A study in the journal Lancet following COVID-19 survivors six months later to monitor lingering symptoms from the disease found 76 percent of patients (1265 of 1655) reported at least one symptom at follow-up. The most common symptoms after discharge were fatigue or muscle weakness (1038 [63%] of 1655) and sleep difficulties (437 [26%] of 1655. Anxiety and depression were also recorded symptoms lingering after six months.

New  RI vaccination funding wrestled from limiting Trump administration rules

On Monday, Senators Reed and Whitehouse met with East Providence Mayor Roberto DaSilva and announced $15.4 million in new federal funds to expand local efforts to vaccinate Rhode Islanders.  The federal funds can be used to bolster vaccine infrastructure and boost the state’s partnership with medical providers, community-based organizations, and health centers to ensure more people can be vaccinated in a timely manner.

 The new funds are allocated to Rhode Island after Senators Reed and Whitehouse successfully worked to include a correction in the American Rescue Plan to ensure small states like Rhode Island received their fair share of federal funding for vaccine distribution.  Under the Trump Administration, the U.S. Department of Health and Human Services (HHS) and U.S. Centers for Disease Control and Prevention (CDC) used a flawed formula that shortchanged small states on critical federal funding for vaccines.

 To fairly allocate COVID-19 vaccine funding, Congress directed HHS to allocate federal aid to states, localities, and territories according to the formula that applied to the Public Health Emergency Preparedness (PHEP) cooperative agreement in fiscal year 2020 in determining the grant funding levels each state should receive. But Fiscal Year (FY) 2020 PHEP funding awards included non-formula components.  Rather than using the traditional PHEP allocation method, Trump Administration officials based the supplemental allocations solely on the population component of the formula.  As a result, this disproportionately impacted smaller and more rural states.

 Senators Reed and Whitehouse, along with U.S. Senators Jeanne Shaheen (D-NH) and Kevin Cramer (R-ND), pressed HHS and CDC to reconsider and reallocate funds as the law intended.  They penned a joint letter, writing: “if HHS and CDC do not act to provide additional resources to support smaller states that were shortchanged by this round of grant funding, our communities will not be equipped to meet the challenge of vaccine administration during this deadly pandemic. For these reasons, we strongly encourage CDC to utilize additional discretionary funding at its disposal to provide more funding to our small states.”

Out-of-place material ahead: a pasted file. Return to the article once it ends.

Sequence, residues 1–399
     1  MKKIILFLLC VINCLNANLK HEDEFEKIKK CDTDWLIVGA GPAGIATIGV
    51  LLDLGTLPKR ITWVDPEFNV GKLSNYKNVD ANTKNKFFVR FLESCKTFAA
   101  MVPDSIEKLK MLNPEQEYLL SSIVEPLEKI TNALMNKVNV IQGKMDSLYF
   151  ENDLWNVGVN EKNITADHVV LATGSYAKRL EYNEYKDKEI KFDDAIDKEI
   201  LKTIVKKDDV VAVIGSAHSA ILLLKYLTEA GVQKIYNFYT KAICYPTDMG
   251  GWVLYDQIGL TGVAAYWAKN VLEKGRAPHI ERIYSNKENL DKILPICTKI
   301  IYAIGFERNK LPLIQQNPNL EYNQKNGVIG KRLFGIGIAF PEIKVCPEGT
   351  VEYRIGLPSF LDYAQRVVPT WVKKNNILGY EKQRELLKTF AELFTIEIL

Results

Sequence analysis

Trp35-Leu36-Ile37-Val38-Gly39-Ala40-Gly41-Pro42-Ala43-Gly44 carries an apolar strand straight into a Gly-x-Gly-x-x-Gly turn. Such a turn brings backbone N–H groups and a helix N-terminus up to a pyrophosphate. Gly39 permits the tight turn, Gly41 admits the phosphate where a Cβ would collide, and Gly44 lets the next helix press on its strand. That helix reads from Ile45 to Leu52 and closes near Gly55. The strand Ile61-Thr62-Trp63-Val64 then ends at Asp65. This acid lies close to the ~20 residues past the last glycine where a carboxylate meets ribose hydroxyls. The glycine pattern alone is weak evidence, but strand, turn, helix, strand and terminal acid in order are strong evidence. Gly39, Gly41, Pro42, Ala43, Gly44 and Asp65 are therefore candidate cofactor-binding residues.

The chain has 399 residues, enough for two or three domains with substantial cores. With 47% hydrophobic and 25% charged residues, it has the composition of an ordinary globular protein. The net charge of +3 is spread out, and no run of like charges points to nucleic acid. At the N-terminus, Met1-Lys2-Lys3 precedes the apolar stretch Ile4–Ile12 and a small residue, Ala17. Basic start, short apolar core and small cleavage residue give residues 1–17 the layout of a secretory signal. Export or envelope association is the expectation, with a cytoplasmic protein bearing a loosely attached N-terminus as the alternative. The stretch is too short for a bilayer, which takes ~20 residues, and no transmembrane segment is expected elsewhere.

While the Trump Administration did not take action before the change in Administrations, the Senators helped include bipartisan language in the recently enacted American Rescue Plan to ensure Rhode Island got its fair share of federal assistance for vaccines.  The new funds are a result of both the American Rescue Plan and the Coronavirus Response and Relief Supplemental Appropriations Act.

 “Today we’re announcing a new $15.4 million booster shot to bolster Rhode Island’s vaccination efforts.  The previous Administration interpreted the distribution formula in way that shortchanged Rhode Island and other small states.  Senator Whitehouse and I were able to secure a legislative fix and a commitment from the Biden Administration to ensure Rhode Island got its fair share of vaccine funding.  I know the state will put these funds to good use,” Reed said.

“Senator Reed and I worked across the aisle to secure an additional $15.4 million to boost the state’s vaccination effort, making Rhode Island whole after the Trump administration short-changed small states,” said Whitehouse.

Rob Borkowski
Author: Rob Borkowski

Rob has worked as reporter and editor for several publications, including The Kent County Daily Times and Coventry Courier, before working for Gatehouse in MA then moving home with Patch Media. Now he's publisher and editor of Contact him at [email protected] with tips, press releases, advertising inquiries, and concerns.